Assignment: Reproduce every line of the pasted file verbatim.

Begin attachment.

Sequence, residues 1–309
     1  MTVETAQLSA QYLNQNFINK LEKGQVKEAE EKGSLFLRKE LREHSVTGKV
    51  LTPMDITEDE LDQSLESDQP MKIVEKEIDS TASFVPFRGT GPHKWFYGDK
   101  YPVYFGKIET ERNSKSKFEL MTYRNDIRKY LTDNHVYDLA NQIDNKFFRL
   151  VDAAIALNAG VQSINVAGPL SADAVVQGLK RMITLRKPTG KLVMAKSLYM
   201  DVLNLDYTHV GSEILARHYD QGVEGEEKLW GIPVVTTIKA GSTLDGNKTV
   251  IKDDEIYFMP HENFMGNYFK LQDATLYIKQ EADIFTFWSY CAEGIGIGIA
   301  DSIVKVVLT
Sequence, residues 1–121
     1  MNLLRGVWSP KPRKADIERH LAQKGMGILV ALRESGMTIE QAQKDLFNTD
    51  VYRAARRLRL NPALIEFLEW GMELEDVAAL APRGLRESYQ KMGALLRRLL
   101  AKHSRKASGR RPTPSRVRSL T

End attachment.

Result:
Sequence, residues 1–309
     1  MTVETAQLSA QYLNQNFINK LEKGQVKEAE EKGSLFLRKE LREHSVTGKV
    51  LTPMDITEDE LDQSLESDQP MKIVEKEIDS TASFVPFRGT GPHKWFYGDK
   101  YPVYFGKIET ERNSKSKFEL MTYRNDIRKY LTDNHVYDLA NQIDNKFFRL
   151  VDAAIALNAG VQSINVAGPL SADAVVQGLK RMITLRKPTG KLVMAKSLYM
   201  DVLNLDYTHV GSEILARHYD QGVEGEEKLW GIPVVTTIKA GSTLDGNKTV
   251  IKDDEIYFMP HENFMGNYFK LQDATLYIKQ EADIFTFWSY CAEGIGIGIA
   301  DSIVKVVLT
Sequence, residues 1–121
     1  MNLLRGVWSP KPRKADIERH LAQKGMGILV ALRESGMTIE QAQKDLFNTD
    51  VYRAARRLRL NPALIEFLEW GMELEDVAAL APRGLRESYQ KMGALLRRLL
   101  AKHSRKASGR RPTPSRVRSL T